I discovered Canary Records because of this album. Used to see Joe Manieri perform in jazz clubs around Boston. Thank you for the careful restoration of the original recordings, and the research and extensive notes on this special record.
Favorite track: Manousakia (Oasis).
Oh, please read the story behind this record. Buy it, play it and realize what a historic artefact this is but at the same time filled with such joyful and great music.
Favorite track: Ouzo Ouzo (Cleo's Dream).
now to receive all the new
Canary Records creates,
28 back-catalog releases,
delivered instantly to you via the Bandcamp app for iOS and Android.
You’ll also get access to
Ideas of the Near East in the general American popular imagination in the first half of the 20th century were mostly limited to Bible stories or the cigarette pack camel and pyramids. Then a handful of popular books appeared by Armenian and Syrian immigrant writers in the 1940s and nightly news broadcasts of the Second Arab-Israeli war in the 1950s superimposed a new set of images. In the early ’60s, the movies Never on Sunday (1960), America America (1963), and Zorba the Greek (1964) crystalized a growing interest in the Eastern Mediterranean. The B-movie Dark Odyssey (1961), depicting a Greek sailor on shore leave in Manhattan, included a scene shot in Port Said, one of the small “Oriental” nightclubs along 8th Ave. with nightly live music during the ’40s and ’50s catering to a primarily Greek and Armenian immigrant clientele where Turkish was a lingua franca.
The film that most people saw, though, was the gaudiest and most fantastically Orientalist of them — Cleopatra, starring Elizabeth Taylor, released June 1963. That’s the one that the housewife, the salaryman, and the dumb kid alike were all most likely to have seen. For Chevrolet-driving, Crest-toothpaste America, that’s the one that solidified the notion of a world of gauze-covered women shielded from a bright desert sun by palm fronds. And that’s the one that a small independent record label of schlockmeisters who produced generic music sold directly through supermarkets and dime stores latched on to as their marketing strategy for a tape of about a half hour of material recorded around 1962 by a group of wedding band musicians.
The recording session was arranged and paid for by a trumpet player whose name no one now recalls. He brought in a band of creative and intellectual no-name, down-at-the-heels Brooklyn-based players who eked out a living by playing ethnic weddings for Jews, Armenians, and Greeks. He added a bongo drummer and a blind oudist from Turkey who didn’t speak English, and the group blasted out a Middle Eastern-jazz hybrid record in an afternoon.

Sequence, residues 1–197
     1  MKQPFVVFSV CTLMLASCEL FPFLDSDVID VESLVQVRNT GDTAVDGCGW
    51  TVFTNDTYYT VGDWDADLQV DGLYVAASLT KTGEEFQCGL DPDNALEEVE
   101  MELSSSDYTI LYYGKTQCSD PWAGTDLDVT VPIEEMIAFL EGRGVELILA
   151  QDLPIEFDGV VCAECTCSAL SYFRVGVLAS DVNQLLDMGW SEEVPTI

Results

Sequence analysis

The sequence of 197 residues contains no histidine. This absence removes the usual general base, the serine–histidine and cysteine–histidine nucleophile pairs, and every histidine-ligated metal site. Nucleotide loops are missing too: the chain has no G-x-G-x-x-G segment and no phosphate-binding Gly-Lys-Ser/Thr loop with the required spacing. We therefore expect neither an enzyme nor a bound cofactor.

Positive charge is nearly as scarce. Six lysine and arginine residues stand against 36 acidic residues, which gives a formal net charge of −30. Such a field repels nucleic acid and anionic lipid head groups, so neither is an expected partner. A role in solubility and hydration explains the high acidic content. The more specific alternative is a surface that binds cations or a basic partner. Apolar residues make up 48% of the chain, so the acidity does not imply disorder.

The group met in a bar before the session, where the trumpet player showed them tunes scrawled on a stained cocktail napkin. They recorded songs drawn from repertoires of Armenian, Greek, and Jewish material that they knew, along with a tango in the style of “Miserlou,” a pop standard composed by the Greek-American Nick Roubanis and popularized by singer and music publisher Tetos Demetriades. The session’s leader got too loaded during the recording and split three quarters of the way through the studio time. The last couple songs were done without him or the bongo guy.
Somehow that tape wound up in the hands of the cheapo record label, who issued it with no artist credits, “exotica” titles for the songs, a drawing of Elizabeth Taylor on the cover, and the word CLEOPATRA in big letters on the front — a deceptive cash-grab on the popularity of the movie. Poorly pressed, sloppily packaged, hastily recorded, it was made to be disposable. And disposed of, it was. One for the junk heap.
Among the jobbing musicians who banged out this proto-World Music flotsam were two extraordinarily gifted players whose esteem and notoriety have grown over the decades that followed. They were 25 years apart in age and from different worlds. But one day in 1962, they both needed the fifty bucks and took the gig. One was the Sicilian-American clarinetist and composer Joe Maneri. The other was Hrant Kenklulian.
Udi Hrant, as he is usually called, was an Armenian, born blind in northwestern Turkey in 1901. He and his family survived the Armenian genocide in Konya, where he began studying oud as a teenager. Through the 1920s and ’30s, he lived in poverty, supporting himself playing in nightclubs and earning a reputation as a performer of exceptional depth and soulfulness. Many of the recordings that he made in Istanbul during that period were released in the U.S. for the immigrant population. When a wealthy Greek paid his fare to the U.S. in 1950 to have a procedure that might give him eyesight, there was already a waiting public of Armenians who knew his music. He spent more than a decade touring the Armenian communities of the U.S. — Boston, Fresno, Los Angeles, Detroit, Washington, DC, and New York — performing in concert halls and house parties, teaching a budding generation of Armenian oudists, and recording for small, independent labels — Aris, Smyrnaphone, Oriental Moods, and Near East. The latter of those labels was a short-lived subsidiary of Orrin Keepnews’s Prestige Records, and the resulting LP, originally issued as Eastern Standard Time in 1962 and subsequently reissued as Turkish Delights, included several tracks with jazz saxophonist Johnny Griffin. Prestige had been dabbling in Near Eastern music, issuing several LPs of Greek clarinetist Spero Spyros, and in 1963 released the third Arab-jazz hybrid LP by the Brooklyn-born bassist Ahmed Abdul-Malik. Griffin had played on the first two Abdul Malik LPs along with Lee Morgan, Benny Golson, and the Syrian-born Brooklyn violinist Naim Karacand. Hrant was in his early 60s when he gamely attended the session that resulted in the Cleopatra LP. That same year, he went back on tour overseas. He died in 1978 and is buried in Istanbul. His recordings have mostly been anthologized, notably by Harold Hagopian (son of one of Hrant’s primary disciples, Richard Hagopian) on his Traditional Crossroads label.